Dermoscopic images of skin lesions are preprocessed in two steps, the first being the most crucial. The depilatory notion is based on morphological adjustments that make choosing the right ROL easier. After the hair removal procedure, another pre-processing stage that benefits from intensity-based image enhancement. Improving the hairless image after preprocessing makes it easier to segment dermoscopic images using ROL accurately. The outcomes of the preprocessing procedure are displayed in Fig. 5.

Figure 5
figure 5

Original image (a) and preprocessed image (b) are the outcomes of preprocessing.

Segmentation

Here, the visually segmented image is shown together with the lesion segmentation number findings and compared with the state-of-the-art in terms of accuracy values. The results of the suggested lesion segmentation for a few datasets are shown in Table 2. The accuracy average of each image picked in a split was used to compute the results displayed in this table. The produced image is compared with the provided real image following segmentation using the newly built Adaptive CNN model. Every image that is added to the database is processed in the same way. The average accuracy, FNR, and overall running time for each dataset were then determined. The suggested segmentation approach in ELM yields an average accuracy of 95.28%, as shown in Table 2. The lesion segmentation inspection time was 51.3652 s, and the error rate was 4.69% (s). An accuracy of 95.89% and an error rate of 4.32% are again obtained using KELM. This dataset’s known test time is 59.5160 (s). Another challenging split, MSVM, attained an accuracy of 92.70%. The execution time is 67.4202 (s), and the error rate is 7.45%. Finally, presented the proposed FCEDN-functionality. SpaSA’s with a 1.5% error rate 98.78% accuracy were attained. The execution took 29.3456 s. As a consequence, it is apparent that the execution time grows longer as the dataset size rises. For instance, FCEDN-SpaSA required just 29.3456 (s) for 100 images. Figure 6 shows the identification of different types of skin cancer and their accuracies. The MATLAB R2018a was used for the skin cancer prediction.

Table 2 Accuracy of the proposed lesion segmentation method by employing the contrast enhancement approach.
Figure 6
figure 6

Proposed lesion location, with findings identified.

In the segmentation result, the proposed method of accuracy classification accuracy was the greatest at 98.42% using simulations with the PH-2 data set. From Table 3, the proposed FCEDN-SpaSA segmentation of JAC and DIC have accuracy rates of 90.14% and 94.76%, respectively.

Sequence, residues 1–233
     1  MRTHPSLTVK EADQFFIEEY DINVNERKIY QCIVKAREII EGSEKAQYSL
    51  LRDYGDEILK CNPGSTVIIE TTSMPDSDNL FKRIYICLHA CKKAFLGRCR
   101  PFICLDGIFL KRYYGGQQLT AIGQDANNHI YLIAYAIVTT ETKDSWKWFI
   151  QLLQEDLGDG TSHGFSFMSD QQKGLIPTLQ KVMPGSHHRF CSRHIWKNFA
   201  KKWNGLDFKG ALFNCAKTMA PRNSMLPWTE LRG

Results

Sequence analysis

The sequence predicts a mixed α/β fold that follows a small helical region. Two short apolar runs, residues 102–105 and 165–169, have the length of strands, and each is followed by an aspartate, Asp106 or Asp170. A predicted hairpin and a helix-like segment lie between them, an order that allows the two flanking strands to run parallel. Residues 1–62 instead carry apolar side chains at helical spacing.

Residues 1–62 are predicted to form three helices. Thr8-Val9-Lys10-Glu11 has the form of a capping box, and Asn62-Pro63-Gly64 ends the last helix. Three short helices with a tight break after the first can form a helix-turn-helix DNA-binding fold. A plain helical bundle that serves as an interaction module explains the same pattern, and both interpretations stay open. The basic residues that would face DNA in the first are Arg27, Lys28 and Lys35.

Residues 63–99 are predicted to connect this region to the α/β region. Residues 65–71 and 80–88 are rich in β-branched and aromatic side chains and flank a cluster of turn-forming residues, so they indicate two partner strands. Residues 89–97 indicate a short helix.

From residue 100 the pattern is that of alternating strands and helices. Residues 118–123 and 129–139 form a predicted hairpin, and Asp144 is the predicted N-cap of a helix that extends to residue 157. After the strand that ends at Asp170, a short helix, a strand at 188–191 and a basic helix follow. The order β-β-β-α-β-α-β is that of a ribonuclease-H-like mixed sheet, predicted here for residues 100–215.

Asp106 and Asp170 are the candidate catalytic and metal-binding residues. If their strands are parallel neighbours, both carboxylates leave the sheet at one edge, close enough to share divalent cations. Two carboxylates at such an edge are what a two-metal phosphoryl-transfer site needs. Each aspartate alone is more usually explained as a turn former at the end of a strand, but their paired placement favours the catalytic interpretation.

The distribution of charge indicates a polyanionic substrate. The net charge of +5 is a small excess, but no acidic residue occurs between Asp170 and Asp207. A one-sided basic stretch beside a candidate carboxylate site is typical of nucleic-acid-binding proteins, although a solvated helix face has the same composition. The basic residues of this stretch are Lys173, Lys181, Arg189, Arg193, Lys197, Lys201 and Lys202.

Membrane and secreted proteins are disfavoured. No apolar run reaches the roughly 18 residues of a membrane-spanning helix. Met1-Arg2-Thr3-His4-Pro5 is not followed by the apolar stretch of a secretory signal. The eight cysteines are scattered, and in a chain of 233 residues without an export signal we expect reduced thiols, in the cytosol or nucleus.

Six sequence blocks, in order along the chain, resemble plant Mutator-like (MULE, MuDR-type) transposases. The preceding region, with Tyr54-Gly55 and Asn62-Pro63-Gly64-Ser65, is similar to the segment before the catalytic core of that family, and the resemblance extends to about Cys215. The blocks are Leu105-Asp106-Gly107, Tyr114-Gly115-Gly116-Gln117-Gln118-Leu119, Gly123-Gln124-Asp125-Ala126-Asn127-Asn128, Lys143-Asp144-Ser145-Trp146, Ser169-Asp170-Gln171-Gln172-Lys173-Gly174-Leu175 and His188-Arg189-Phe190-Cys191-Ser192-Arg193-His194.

Table 3 Results of proposed FCEDN-SpaSA segmentation metrics (%) on the PH2 dataset.

In the segmentation result, the proposed accuracy method was the greatest at 97.65% using simulations with the ISIB2017 data set. From Table 4, the proposed FCEDN-SpaSA segmentation of JAC and DIC have accuracy rates of 92.56% and 95.43%, respectively.

Table 4 Results of Proposed FCEDN-SpaSA segmentation metrics (%) on the ISIB2017 dataset.

In the segmentation result, the proposed method of average classification accuracy was the greatest at 97.65% using simulations with the ISIB2017 data set. From Table 5, the proposed FCEDN-SpaSA segmentation of JAC and DIC have accuracy rates of 91.75% and 94.32%, respectively.

Table 5 Results of Proposed FCEDN-SpaSA segmentation metrics (%) on the ISIC 2019 dataset.

Classification

As a result of our calculations utilizing the suggested framework, the numbers are displayed in Table 6. The proposed framework employed the Adaptive CNN classifier. For comparison, used the Naive Bayes, ELM, MSVM, and KELM classifiers. The table shows that Adaptive CNN achieved 91.67% accuracy and 9.43% FNR in a record-breaking amount of time, 133.4632 (s). With a FNR of 14.34%, a time of 121.5230, and the second-highest accuracy of 85.45%, MSVM comes in second (s). Although MSVM performs better than Adaptive CNN during the test, the difference between the two is considerable. Accuracy values for Naive Bayes, ELM, and KELM are 82.34%, 83.23%, and 82.45%, respectively.

Table 6 Performance analysis of classification.

A detailed comparison of the state-of-the-art methods employing the PH2, ISBI-2017, and ISIC 2019 data sets can be found in Tables 7, 8 and 9. Using the suggested method, the classification accuracy of all datasets is maximized. Using color and texture features, the maximum classification accuracy on the PH2 dataset was 93.45% in the ResNet50; however, with the proposed adaptive CNN method, it was demonstrated to be 98.42%. The accuracy of the proposed work of the ISIB 2017 dataset is 97.65%, and the ISIB 2019 dataset is 98.09%. This demonstrates that the suggested adaptive CNN classifier model produces far superior results than the conventional algorithm, and the outcomes indicate that the adaptive CNN classifier classification technique is more reliable and effective.

Table 7 State of the art comparison of the Adaptive CNN classifiers on PH2 dataset.
Table 8 State of the art comparison of the Adaptive CNN classifiers on the ISIB 2017 dataset.
Table 9 State of the art comparison of the Adaptive CNN classifiers on the ISIB 2019 dataset.

A comparison of efficacy to different strategies is made. According to Table 4, our method performs better than other methods regarding efficiency and effectiveness. Overall, the suggested inception model outperforms the existing approaches with an accuracy rate of almost 98 percent. It may thus be expanded to include the potential assessment of additional medical images (Table 10).

Table 10 Comparison with other deep learning techniques to detect skin cancer.